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3/27/17: CS Speaker: Nanyun Peng

violetpengcroppedThe UVa Department of Computer Science presents:


Speaker: Nanyun Peng

Date: Monday March 27, 2017

Time: 10:45am

Location: Rice Hall, Room 242

Title: Representation Learning with Joint Models for Information Extraction



There is abundant knowledge out there carried in the form of natural language texts, such as social media posts, scientific research literature, medical records, etc., which grows at an astonishing rate. Yet this knowledge is mostly inaccessible to computers and overwhelming for human experts to absorb. Information extraction (IE) processes raw texts to produce machine understandable structured information, thus dramatically increasing the accessibility of knowledge through search engines, interactive AI agents, and medical research tools. However, traditional IE systems assume abundant human annotations for training high quality machine learning models, which is impractical when trying to deploy IE systems to a broad range of domains, settings and languages. In this talk, I will present how to use deep representation learning to leverage the distributional statistics of characters and words, the annotations for other tasks and other domains, and the linguistics and problem structures, to combat the problem of inadequate supervision, and conduct information extraction with scarce human annotations.


Nanyun Peng is a PhD candidate in the Department of Computer Science at Johns Hopkins University, affiliated with the Center for Language and Speech Processing and advised by Dr. Mark Dredze. She is broadly interested in Natural Language Processing, Machine Learning, and Information Extraction. Her research focuses on using deep learning for information extraction with scarce human annotations. Nanyun is the recipient of the Johns Hopkins University 2016 Fred Jelinek Fellowship. She has completed two research internships at IBM T.J. Watson Research Center, and Microsoft Research Redmond. She holds a master’s degree in Computer Science and BAs in Computational Linguistics and Economics, all from Peking University.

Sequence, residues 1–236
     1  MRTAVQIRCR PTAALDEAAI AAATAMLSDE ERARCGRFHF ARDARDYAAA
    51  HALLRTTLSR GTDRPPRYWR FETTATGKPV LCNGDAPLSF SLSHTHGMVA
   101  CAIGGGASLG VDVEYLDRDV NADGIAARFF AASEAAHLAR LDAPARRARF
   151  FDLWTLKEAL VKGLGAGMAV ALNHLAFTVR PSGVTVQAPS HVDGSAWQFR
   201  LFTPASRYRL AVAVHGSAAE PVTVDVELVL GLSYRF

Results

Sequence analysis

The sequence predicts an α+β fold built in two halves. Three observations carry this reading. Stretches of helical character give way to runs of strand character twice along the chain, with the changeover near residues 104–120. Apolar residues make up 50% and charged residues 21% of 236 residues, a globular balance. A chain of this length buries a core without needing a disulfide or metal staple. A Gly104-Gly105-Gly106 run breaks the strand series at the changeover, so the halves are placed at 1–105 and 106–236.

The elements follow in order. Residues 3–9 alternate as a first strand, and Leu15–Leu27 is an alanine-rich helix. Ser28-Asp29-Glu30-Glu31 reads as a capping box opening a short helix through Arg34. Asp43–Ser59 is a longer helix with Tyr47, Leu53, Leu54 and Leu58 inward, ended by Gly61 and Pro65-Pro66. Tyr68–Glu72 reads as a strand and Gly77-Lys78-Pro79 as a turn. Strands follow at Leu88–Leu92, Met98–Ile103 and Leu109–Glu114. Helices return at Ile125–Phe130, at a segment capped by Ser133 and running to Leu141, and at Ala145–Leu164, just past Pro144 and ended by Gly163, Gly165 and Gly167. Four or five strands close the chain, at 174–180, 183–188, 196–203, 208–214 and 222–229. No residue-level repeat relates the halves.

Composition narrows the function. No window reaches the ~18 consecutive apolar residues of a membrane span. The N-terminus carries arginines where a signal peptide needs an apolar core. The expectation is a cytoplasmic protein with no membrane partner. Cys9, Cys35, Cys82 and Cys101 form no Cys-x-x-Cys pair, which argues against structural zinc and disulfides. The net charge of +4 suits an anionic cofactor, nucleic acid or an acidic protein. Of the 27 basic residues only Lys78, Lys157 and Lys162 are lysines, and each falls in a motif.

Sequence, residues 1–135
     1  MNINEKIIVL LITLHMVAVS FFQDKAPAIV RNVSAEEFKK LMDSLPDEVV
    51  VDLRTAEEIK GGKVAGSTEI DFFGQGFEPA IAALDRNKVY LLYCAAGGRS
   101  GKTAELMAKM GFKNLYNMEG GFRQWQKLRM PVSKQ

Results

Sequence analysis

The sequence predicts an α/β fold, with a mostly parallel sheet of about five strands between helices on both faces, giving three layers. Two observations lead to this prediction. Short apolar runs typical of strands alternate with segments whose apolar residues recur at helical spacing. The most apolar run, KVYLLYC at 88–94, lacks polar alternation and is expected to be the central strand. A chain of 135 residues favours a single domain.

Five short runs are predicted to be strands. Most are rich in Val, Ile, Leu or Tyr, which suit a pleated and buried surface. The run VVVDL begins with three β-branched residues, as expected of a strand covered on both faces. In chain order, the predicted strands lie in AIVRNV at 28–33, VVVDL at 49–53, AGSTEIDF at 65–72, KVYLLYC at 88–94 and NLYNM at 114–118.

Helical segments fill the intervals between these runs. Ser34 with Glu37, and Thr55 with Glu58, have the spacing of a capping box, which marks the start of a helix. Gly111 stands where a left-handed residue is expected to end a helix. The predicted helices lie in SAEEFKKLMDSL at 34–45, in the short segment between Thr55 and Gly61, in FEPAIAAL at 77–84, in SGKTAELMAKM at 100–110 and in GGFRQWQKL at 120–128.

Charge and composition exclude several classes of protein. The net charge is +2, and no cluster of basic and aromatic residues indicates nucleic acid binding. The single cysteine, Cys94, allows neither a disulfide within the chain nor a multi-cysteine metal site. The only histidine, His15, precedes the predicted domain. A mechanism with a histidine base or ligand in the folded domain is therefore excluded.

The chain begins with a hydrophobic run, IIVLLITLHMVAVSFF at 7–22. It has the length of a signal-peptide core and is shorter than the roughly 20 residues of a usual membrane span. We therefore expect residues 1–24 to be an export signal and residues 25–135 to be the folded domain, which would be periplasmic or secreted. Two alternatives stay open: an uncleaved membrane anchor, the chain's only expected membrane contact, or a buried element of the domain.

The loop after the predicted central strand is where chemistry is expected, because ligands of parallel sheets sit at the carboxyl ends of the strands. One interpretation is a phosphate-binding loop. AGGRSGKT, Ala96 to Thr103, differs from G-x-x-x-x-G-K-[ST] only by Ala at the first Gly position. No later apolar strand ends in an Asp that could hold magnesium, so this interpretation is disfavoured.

Matt Kirschenbaum | DH@UVa | March 20



“Greenscreeners: Locating the Literary History of Word Processing”

Matthew Kirschenbaum
Associate Professor, English, University of Maryland and
Associate Director, Maryland Institute for Technology
in the Humanities (MITH)

Monday, March 20, 4:00p

Brooks Hall Commons

REGISTER HERE for DH Mixer Afterward

For more information, click here.

IATH 2017 Call for Fellows

IATH is looking for applications for 2017-2018 Residential and Associate Fellows. University of Virginia faculty members involved in humanities research through any department are eligible to apply. Non-UVA faculty can apply for Visiting Fellowships. The deadline is February 28, 2017. We strongly encourage interested applicants to contact IATH Director Worthy Martin to discuss their proposals; please call 924-4527 to schedule an appointment. More information and guidelines can be found at

IATH_poster_2017 copy










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Data Science Presidential Fellows Bring Life to Data Research, and Vice Versa

In the News: UVa Data Science Institute‘s Presidential Fellows in Data Science. Founded three years ago, the Data Science Institute has been working to create opportunities for cross-Grounds collaboration in “big data” research. Graduate students across the disciplines are currently working together to resolve real-world problems by finding data-driven solutions.

To read more about these interesting projects, click here.

UVA Researchers Embark on Endless Pursuits

Daniel Pitti’s (Associate Director, IATH) ongoing database project - Social Networks and Archival Context project – is in the news. “Creating an International Database of Historical Social Networks” is one of five exciting, long-range research projects being carried on at UVa presented in this current UVaToday article.

For the complete article, click here.